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Gastroscopy — Highfields Gastroenterology in Port Macquarie, NSW
Gastroscopy (or Endoscopy) is a medical procedure used to look for disease in the oesophagus, stomach and duodenum (first part of the small intestine). It can help discover the reasons for swallowing difficulties, nausea, vomiting, reflux, bleeding, indigestion, abdominal pain or chest pain.

For the procedure to be thorough and safe, your stomach and duodenum must be empty. You will not be able to eat or drink anything for at least 6 hours beforehand.

Just before the procedure, the anaesthetist will administer a strong sedative so you can sleep through the whole procedure.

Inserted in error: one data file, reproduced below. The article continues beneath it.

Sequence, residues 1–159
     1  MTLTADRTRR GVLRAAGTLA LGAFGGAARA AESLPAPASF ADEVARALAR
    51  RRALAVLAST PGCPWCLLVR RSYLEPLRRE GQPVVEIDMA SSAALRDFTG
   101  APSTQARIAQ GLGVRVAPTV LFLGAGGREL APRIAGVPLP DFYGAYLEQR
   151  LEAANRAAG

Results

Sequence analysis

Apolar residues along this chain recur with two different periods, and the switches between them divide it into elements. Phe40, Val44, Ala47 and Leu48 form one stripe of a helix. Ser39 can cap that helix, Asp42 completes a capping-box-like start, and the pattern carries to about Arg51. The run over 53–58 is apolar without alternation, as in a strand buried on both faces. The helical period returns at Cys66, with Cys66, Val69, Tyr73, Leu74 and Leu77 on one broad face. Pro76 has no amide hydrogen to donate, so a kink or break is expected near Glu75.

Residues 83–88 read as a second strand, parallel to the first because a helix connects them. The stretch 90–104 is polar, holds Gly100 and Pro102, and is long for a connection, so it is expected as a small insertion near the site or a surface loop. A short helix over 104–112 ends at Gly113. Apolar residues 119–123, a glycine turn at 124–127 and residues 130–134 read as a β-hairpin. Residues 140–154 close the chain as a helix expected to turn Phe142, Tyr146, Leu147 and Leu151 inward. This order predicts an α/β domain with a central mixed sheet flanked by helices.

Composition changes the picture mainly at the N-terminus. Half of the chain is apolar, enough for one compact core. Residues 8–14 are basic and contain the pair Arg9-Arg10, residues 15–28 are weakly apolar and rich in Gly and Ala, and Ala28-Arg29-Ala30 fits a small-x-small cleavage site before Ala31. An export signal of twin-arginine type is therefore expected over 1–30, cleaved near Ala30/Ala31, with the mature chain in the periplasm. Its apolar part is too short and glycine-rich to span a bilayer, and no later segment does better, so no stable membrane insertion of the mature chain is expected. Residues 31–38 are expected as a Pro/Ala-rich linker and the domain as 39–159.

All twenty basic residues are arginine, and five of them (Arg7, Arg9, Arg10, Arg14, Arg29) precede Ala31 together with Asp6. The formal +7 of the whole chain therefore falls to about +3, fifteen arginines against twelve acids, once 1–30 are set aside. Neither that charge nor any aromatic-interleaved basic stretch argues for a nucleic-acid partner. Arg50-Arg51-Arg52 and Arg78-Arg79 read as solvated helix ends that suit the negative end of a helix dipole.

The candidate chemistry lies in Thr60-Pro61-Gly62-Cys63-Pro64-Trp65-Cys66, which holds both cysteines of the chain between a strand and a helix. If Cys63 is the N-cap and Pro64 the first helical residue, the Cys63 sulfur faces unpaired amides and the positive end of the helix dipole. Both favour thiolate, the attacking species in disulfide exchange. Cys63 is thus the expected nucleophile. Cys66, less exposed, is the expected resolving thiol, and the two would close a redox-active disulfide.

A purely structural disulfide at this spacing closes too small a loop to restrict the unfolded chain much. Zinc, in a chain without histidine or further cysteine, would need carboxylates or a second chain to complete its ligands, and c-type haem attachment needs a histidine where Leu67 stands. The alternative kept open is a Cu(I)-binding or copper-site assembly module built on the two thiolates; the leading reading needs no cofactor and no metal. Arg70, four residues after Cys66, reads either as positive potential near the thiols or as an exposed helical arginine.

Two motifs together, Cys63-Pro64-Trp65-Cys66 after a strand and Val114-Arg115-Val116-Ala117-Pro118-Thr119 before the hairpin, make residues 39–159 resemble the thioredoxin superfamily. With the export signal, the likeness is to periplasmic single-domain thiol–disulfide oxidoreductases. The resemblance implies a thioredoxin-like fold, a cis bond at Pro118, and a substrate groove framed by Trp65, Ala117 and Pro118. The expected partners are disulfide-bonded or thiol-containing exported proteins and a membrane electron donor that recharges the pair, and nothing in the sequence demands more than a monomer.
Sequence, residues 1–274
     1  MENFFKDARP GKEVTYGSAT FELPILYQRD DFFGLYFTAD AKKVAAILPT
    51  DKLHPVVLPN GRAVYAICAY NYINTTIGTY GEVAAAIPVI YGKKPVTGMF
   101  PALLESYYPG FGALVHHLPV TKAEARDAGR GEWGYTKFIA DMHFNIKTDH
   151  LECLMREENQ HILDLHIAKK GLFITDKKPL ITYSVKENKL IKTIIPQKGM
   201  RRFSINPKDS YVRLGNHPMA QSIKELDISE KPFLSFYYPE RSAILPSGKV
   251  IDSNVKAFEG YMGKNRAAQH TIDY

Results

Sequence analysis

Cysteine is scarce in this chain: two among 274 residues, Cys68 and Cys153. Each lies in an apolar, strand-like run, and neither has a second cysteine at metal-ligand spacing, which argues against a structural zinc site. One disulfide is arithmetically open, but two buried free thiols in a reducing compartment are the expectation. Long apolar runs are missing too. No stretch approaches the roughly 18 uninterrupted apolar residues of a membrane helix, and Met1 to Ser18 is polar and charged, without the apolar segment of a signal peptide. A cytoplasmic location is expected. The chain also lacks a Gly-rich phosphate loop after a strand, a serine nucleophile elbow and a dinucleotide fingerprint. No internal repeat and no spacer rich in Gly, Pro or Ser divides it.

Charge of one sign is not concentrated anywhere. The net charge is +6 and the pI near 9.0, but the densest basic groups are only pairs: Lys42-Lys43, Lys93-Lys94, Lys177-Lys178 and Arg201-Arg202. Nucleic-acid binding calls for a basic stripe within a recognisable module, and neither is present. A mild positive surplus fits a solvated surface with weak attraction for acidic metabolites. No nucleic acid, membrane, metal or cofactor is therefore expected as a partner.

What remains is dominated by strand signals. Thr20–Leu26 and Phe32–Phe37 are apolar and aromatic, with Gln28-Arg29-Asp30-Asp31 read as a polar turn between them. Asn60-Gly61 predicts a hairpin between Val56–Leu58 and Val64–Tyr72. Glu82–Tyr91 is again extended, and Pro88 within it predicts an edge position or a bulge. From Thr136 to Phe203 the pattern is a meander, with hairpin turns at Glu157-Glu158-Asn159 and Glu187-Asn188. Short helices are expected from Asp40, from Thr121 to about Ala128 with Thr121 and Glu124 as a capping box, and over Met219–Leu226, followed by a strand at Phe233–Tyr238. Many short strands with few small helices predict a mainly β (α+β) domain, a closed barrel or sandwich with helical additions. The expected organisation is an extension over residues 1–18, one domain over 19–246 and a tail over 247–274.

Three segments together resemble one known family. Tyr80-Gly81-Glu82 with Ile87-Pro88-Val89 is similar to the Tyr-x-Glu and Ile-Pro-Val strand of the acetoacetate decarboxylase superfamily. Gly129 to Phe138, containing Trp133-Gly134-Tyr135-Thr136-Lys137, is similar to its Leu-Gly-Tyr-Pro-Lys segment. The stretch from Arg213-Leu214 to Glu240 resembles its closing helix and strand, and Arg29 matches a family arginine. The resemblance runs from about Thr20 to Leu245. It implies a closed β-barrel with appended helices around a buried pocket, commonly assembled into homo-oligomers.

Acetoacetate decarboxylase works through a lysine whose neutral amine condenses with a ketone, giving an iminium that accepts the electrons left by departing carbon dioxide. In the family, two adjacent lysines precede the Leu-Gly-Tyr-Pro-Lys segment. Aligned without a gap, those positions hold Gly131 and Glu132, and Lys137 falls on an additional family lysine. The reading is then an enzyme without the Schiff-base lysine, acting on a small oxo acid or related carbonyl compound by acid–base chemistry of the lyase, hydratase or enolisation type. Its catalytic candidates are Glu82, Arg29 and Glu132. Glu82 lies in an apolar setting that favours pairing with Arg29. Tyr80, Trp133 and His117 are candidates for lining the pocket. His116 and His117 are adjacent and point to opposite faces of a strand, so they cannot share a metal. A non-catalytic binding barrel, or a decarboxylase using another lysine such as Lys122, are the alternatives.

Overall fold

Your gastroenterologist will insert an endoscope—a thin, flexible, lighted tube—into your throat. The endoscope will transmit an image of the inside of the oesophagus, stomach and duodenum, which allows your physician to carefully examine the lining of these organs:
  • To look for abnormalities, such as inflammation or bleeding that do not show up well on x-rays
  • Insert instruments into the scope to treat bleeding abnormalities or remove samples of tissue (biopsy) for further tests
Bleeding and puncture of the stomach lining are possible, but these complications would be rare. Most people experience only a mild sore throat after the procedure.

An endoscopy usually takes between 20 and 30 minutes. As you would be sedated for the procedure, you would need to rest at the endoscopy facility for one to 2 hours until the medication wears off. Most importantly, have someone else drive you home.

Note: Your physician may give you other special instructions.